Last year my husband and I spent most of a year refeeding our older daughter, who was diagnosed with anorexia. I wrote an essay about our experiences, which will be published in the New York Times Magazine tomorrow, 11/26/06.
The approach we used is called the Maudsley approach. It was developed at the Maudsley Hospital in London in the 1980s, and is very successful at helping teens with anorexia (though I know of families who have used it to help young adults in their 20s too) recover. It's not easy, but then nothing about this disease is easy, especially for the person who suffers from it.
If you're interested in finding out more about the Maudsley approach, visit www.maudsleyparents.org, a website run by parent volunteers. There's a lot of great information on the site, including a basic introduction to Maudsley and a couple of personal stories from families who have used it. There's also a link to an online parents forum, which has been invaluable to me and my family as we have gone through this experience.
Another great site is www.eatingwithyouranorexic.com, which is run by Laura Collins. Collins wrote a book about how her family helped their daughter recover through Maudsley; I recommend it highly. Her book of the same name is available on Amazon.
I've begun to do some coaching and guidance for families who are going through this re-feeding process. If you're interested in finding out more about coaching, or just want to get in touch for whatever reason, please e-mail me at firstname.lastname@example.org.
From one Maudsley parent to another thank you for telling your story. Your girl sounds so much like my own dear daughter who recovered with family-based treatment two years ago. What a gift of hope you have given families struggling with this awful disease.
With thanks and admiration,
Another Maudsley Mom
Thank you so much for your article in the ny times today. I have been struggling with anorexia for 12 years (I am 27) and I wish that my family had known about the maudsley approach - it sounds so much more hopeful than the treatments I went through. This disease is incredibly frightening and you are so right to name it a demon . . . so few people understand the power of "it."
Thank you for writing and fighting for all of us.
Thanks to both of *you* for sharing your stories. One of the things I hate most about this disease is the stigma that goes along with it, and the secrecy that leads to. If I had one wish it would be that anorexia was looked at as a disease like pneumonia or asthma--just a bum break, not something you bring on yourself or your child through wrong thinking or behavior.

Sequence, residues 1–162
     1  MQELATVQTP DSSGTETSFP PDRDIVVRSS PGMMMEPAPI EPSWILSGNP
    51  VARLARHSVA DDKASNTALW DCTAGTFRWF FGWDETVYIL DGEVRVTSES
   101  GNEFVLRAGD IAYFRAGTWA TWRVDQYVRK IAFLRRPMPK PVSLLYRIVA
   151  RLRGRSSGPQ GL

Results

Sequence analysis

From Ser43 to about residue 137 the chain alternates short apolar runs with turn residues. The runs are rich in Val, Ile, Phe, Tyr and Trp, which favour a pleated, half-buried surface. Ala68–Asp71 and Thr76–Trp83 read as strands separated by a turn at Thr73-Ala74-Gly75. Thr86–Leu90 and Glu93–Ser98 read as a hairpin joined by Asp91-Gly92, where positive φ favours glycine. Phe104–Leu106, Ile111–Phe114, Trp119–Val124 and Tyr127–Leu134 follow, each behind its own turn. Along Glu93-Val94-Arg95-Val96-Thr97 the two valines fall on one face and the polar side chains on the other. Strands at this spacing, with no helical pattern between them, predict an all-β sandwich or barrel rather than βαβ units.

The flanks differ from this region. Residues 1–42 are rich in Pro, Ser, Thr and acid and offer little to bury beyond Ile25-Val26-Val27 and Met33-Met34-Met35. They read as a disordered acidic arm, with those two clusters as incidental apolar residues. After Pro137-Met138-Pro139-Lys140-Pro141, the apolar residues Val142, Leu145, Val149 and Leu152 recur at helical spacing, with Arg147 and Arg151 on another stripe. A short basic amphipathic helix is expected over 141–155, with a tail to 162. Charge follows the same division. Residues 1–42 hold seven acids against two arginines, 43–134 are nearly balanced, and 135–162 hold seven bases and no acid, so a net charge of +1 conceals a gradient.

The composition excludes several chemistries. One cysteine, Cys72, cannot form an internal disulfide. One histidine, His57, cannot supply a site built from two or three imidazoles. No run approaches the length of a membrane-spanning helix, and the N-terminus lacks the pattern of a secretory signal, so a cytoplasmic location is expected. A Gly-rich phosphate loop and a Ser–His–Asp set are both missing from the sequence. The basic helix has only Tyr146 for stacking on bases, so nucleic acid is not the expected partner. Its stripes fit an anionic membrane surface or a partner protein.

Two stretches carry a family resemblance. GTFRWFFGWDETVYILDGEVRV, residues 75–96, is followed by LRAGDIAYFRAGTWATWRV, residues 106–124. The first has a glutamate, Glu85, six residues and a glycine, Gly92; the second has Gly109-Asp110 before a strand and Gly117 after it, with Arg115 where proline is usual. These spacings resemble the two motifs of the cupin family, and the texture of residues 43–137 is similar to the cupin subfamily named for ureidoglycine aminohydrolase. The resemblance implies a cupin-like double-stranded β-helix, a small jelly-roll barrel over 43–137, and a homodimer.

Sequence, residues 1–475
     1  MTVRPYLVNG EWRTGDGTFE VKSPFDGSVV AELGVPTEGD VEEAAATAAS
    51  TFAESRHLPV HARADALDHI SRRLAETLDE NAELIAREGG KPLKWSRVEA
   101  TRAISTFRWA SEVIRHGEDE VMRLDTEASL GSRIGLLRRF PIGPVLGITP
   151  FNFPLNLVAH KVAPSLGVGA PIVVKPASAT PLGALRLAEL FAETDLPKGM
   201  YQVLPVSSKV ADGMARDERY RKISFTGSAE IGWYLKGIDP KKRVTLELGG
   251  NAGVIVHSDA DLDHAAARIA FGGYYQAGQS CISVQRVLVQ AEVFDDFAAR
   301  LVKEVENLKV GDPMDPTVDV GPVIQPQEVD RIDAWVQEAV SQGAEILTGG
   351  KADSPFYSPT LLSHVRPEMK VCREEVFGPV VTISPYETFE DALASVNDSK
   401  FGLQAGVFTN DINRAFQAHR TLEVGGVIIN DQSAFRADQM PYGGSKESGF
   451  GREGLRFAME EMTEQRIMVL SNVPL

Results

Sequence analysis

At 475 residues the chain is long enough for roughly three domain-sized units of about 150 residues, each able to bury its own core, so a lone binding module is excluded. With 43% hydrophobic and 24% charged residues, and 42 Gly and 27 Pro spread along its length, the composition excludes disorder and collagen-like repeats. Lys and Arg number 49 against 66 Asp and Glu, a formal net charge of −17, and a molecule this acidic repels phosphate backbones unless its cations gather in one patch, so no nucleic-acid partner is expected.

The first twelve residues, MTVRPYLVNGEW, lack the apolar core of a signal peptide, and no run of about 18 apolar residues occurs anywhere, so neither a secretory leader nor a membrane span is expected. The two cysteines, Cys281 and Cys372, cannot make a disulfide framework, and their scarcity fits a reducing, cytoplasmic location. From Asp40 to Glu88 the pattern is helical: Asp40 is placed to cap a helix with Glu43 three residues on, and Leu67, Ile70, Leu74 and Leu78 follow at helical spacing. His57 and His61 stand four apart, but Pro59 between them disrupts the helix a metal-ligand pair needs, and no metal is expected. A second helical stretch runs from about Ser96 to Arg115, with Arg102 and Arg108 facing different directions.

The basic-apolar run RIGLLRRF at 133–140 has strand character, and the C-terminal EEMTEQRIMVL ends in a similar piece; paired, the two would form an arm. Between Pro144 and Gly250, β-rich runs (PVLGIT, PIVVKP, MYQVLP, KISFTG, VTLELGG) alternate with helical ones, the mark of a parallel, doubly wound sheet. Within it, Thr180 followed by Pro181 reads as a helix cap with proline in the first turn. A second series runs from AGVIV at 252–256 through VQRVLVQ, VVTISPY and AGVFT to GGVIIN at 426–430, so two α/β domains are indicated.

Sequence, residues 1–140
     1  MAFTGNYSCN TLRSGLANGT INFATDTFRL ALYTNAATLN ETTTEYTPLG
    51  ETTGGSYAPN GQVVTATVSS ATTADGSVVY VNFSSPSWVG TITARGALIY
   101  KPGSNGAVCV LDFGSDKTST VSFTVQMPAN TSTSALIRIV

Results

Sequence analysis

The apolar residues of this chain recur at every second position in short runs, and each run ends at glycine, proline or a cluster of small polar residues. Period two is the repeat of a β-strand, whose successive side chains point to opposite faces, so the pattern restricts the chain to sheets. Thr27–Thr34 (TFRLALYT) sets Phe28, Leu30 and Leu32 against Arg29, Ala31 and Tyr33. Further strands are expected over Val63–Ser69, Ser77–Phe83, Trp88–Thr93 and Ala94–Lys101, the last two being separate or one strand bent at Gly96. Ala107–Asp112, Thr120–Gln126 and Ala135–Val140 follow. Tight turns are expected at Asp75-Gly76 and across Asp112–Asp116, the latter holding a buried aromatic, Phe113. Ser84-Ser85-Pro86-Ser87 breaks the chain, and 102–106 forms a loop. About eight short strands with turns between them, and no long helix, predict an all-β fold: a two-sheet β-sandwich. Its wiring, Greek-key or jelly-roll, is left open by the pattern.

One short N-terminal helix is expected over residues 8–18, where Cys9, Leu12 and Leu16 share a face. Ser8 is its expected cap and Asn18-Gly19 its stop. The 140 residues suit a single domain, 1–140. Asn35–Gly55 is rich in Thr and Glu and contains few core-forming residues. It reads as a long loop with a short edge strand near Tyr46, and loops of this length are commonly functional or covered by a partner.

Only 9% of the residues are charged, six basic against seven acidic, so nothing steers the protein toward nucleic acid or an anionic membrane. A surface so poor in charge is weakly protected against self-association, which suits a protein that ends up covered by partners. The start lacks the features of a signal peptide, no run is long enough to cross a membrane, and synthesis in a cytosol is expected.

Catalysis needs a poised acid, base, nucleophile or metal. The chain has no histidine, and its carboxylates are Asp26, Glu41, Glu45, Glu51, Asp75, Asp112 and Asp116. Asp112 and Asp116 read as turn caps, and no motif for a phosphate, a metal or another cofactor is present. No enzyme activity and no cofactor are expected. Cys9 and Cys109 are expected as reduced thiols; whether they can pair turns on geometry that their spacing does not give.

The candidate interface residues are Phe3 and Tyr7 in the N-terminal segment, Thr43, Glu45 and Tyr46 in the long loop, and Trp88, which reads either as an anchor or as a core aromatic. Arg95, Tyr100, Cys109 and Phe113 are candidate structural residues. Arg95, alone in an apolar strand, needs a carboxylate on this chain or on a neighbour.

The more we talk about it, the weaker the stigma and secrecy get. Keep telling your stories. And for the anorexic who wrote above, you know, I have heard stories of 20-somethings being treated with Maudsley. Is there a parent who could help you with it?
Thank you for sharing your success story using the Maudsley Approach. My daughter is 15 and we have been using this for 6 months. I have used the exact words you did to describe this horrible disease, "demon" and "spewing venom". There is no other way to describe it. I have never seen such behavior out of a person and I know it's the AN talking not my daughter. I long to rescue her too as you did your daughter. Thankfully Maudsley is a tool to do just that. One question I have though is the last few pounds seem to be hard. Did you experience the same with your daughter? We've been playing with 2-3 pounds up and down for about 3 months. Any tips??
I think the last few pounds are genuinely difficult for many families. Just keep going and don't let up. It's tempting to back off a little because your child is so close. But we found that it was really the last few pounds that made all the difference mentally for our daughter.
My thoughts are with you.
After comming across your article in the NY Times magazine, I have done a lot of reading on the Maudsley approach. I wanted to tell you that I think it's so wonderful that you're spreading awareness like this. I was anorexic for about a year when I was 17. I'm 23 now (and still fully recovered), but I simply could not forgive myself for the way I acted then, for abusing my body the way I did, and most of all, for hurting my family. After reading your article and others on Maudsley, I now understand that my behavior was a result of the awful effects of self imposed starvation and was both out of character and beyond my control. I no longer see Anorexia as a horrible choice that I made. I now see the disease in a new light, and I finally have started to make peace with my past. Mental illness is so terribly misunderstood, especially in adolescents, and I give you so much credit for eschewing shame and stigma and speaking out like this. Your daughters are lucky to have such an enlightened and brave mother. Best wishes to you and your family.
Your post brought tears to my eyes. I'm *so* glad you are recovered and that you understand that anorexia was not your fault or your choice. I wish you continued health, strength, and happiness.
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